Today I turned 23 and celebrated with a fashion-centric day out in London, taking my mum along for the ride (and my ever-busy sister, who found a window in her schedule for the sausage and mash restaurant at lunch). We checked out Vivienne Westwood's shop, World's End, which is on the King's Road in Chelsea - not a part of London I spend much time in, but it was great to explore. My best discovery of the day was finding the Chelsea branch of Oxfam that sits next door, where I had a field day rifling through vintage clothes and homeware and definitely did not come away empty-handed. 

Later we tried out the new Monki flagship store in Carnaby Street, browsed in Cheap Monday and got excited at the surprisingly reasonable prices of Mango. We finished the day in the incredibly hard to find Wapping Project exhibition space, near the Tate Modern, where Paolo Roversi (one of my favourite fashion photographers) is currently showing some stunning images.

I'll stick the photos up A.S.A.P, but in the mean time I'm kicking back on my day off and enjoying being a year older!

Best street style spotted: a man in a poncho with gold buckle detail, walking past COS on Regent Street.

Strangest fashion discovery of the day: Shoppers in Monki have really big feet. I couldn't find size 40 boots for love nor money, but sizes 36-39 were in abundance - as a result, I now own size 39 red platforms and just hope I've stopped growing.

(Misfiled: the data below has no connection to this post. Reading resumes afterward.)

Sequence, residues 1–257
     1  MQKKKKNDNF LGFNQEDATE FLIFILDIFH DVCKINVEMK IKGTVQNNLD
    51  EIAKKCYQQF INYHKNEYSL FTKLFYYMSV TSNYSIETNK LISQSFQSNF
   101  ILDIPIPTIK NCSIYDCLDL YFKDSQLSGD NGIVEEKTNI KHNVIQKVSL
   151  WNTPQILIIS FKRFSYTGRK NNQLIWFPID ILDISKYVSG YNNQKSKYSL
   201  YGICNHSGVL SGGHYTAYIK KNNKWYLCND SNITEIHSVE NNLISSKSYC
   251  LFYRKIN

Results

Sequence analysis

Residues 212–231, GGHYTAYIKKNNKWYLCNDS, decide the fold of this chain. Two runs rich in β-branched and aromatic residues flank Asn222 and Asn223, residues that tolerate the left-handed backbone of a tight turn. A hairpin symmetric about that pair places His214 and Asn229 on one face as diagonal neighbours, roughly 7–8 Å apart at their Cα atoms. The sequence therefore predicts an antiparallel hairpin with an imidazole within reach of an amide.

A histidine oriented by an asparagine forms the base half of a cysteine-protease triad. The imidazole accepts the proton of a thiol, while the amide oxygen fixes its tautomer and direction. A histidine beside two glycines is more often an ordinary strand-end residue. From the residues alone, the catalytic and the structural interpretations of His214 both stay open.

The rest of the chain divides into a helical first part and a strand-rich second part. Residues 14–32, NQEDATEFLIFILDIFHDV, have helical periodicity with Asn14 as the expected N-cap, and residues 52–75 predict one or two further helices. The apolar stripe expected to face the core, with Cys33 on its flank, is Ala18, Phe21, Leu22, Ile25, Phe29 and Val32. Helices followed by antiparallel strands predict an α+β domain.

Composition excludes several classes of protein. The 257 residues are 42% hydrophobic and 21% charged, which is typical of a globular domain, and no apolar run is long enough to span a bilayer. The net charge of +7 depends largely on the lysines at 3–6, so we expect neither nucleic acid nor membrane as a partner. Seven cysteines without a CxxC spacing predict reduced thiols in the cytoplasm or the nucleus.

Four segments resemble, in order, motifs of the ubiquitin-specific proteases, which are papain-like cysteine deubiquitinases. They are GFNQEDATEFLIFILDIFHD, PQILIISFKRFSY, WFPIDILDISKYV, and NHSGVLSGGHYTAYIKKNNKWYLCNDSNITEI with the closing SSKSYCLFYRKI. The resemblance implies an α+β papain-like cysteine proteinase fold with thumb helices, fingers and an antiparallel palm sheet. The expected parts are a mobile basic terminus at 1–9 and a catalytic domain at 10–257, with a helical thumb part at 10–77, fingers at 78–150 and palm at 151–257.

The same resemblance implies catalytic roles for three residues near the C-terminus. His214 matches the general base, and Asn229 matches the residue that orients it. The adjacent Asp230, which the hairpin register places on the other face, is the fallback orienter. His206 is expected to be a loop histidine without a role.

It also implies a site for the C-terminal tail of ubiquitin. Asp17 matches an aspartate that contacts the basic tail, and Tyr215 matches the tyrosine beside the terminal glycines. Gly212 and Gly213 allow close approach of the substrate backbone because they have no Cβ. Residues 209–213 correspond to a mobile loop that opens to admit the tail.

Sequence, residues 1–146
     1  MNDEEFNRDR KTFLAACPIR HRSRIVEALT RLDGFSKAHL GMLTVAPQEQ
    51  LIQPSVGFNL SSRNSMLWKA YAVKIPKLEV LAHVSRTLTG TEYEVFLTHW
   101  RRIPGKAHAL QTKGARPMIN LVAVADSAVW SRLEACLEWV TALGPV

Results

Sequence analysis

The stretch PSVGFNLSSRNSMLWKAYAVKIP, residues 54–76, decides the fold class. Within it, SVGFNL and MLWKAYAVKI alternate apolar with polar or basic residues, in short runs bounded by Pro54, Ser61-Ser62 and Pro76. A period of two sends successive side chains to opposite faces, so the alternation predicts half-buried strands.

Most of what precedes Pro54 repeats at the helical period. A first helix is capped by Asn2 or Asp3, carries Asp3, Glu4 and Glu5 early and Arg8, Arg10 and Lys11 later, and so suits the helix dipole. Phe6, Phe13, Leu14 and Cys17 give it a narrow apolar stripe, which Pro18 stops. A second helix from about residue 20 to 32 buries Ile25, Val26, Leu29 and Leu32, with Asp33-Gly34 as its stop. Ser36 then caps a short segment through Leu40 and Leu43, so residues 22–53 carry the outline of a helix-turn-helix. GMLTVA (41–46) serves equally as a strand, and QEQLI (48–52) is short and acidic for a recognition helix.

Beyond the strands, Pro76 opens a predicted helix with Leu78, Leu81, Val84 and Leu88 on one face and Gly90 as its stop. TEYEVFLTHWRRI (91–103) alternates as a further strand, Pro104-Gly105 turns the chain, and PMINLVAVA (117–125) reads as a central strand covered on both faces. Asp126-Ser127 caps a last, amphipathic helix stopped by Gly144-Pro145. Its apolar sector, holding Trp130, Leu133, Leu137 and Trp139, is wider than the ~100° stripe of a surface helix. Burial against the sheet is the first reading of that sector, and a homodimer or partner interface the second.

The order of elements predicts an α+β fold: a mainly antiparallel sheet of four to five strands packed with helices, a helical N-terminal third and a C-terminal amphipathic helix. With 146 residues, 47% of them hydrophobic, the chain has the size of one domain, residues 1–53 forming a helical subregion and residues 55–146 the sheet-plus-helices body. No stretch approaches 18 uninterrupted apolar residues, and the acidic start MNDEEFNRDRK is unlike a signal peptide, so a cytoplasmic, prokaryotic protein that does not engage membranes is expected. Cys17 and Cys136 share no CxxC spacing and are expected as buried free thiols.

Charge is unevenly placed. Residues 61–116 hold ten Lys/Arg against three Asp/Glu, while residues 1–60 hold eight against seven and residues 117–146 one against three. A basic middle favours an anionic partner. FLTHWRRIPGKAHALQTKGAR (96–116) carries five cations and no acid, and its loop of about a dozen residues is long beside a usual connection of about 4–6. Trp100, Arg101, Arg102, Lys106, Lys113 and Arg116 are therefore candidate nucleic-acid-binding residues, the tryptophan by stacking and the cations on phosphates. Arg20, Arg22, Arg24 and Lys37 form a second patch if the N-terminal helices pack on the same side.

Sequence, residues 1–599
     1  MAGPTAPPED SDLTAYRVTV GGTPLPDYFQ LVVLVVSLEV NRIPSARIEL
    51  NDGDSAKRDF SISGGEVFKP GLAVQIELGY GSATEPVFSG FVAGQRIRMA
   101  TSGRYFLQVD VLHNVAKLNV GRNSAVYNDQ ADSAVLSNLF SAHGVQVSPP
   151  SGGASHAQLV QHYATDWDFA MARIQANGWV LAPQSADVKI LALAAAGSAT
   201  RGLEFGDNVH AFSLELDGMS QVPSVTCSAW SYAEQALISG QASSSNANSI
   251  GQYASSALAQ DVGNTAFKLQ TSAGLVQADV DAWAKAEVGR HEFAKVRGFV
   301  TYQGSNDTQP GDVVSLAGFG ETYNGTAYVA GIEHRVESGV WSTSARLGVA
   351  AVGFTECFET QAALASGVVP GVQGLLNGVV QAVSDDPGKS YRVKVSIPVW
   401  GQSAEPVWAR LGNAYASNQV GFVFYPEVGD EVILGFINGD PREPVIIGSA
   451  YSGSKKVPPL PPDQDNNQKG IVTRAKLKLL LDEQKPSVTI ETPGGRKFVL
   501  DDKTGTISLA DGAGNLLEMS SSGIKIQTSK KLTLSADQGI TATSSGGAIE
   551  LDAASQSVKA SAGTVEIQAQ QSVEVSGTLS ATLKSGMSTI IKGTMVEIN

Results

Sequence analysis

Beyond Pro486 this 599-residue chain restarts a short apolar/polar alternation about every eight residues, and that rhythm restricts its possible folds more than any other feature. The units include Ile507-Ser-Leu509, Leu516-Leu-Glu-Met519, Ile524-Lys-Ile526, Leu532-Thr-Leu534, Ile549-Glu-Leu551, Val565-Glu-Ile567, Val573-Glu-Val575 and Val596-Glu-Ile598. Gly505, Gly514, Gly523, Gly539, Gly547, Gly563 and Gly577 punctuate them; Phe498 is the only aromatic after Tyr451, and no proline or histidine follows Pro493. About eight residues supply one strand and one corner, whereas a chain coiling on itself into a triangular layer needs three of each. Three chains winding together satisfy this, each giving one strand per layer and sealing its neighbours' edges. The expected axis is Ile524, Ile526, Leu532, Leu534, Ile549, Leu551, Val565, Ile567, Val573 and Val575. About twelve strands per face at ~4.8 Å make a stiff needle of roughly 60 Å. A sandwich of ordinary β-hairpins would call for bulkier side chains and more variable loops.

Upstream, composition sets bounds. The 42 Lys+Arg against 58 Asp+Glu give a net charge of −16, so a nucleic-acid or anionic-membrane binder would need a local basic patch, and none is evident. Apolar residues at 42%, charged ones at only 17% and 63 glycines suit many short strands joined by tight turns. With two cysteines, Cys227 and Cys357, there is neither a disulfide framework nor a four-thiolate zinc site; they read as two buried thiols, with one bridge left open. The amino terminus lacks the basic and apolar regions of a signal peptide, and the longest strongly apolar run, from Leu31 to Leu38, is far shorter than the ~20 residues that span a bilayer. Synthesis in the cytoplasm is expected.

Magazine observations: the readers of Shortlist (London's free weekly men's magazine) obviously know how to splash the cash. An extensive feature on brogues had nothing under £150.

Sunday, 11 March 2012

Say It With Flowers: Quince, Brighton

 [All images my own - click to enlarge. Please ask before reproducing]. 
You can't beat the smell of a florist's shop.

As per usual, spring has brought us the trend of florals - no surprises there, then. But whilst I was dreaming of clashing my flower-strewn pastels and brights on a sunny Saturday with friends, we came across this gorgeous shop in Brighton's Lanes. If you think that being a florist involves putting a few daffodils in a vase, you'd be very much mistaken. This is a lesson in how to do florals, from the people that sell them.

 The shopfront, in a muted tobacco/sage green.

Quince has only recently opened, and it offers a mixture of flowers, antiques and upcycled objects that have taken on a new purpose. Whereas many antique shops can be stuffy or intimidating, this was a really welcoming place and the owner was genuinely sweet.

 The flowers speak for themselves.

 Inside we were met by a riot of colours and shapes.

 If we were to take anything fashionable from this, it's that you can definitely mix the size of your florals - in this case they're real, but in an outfit you could combine corsages with Liberty print shoes by Clarks, or some sunflower print pieces by Rodarte.

 I love pieces that tell a story.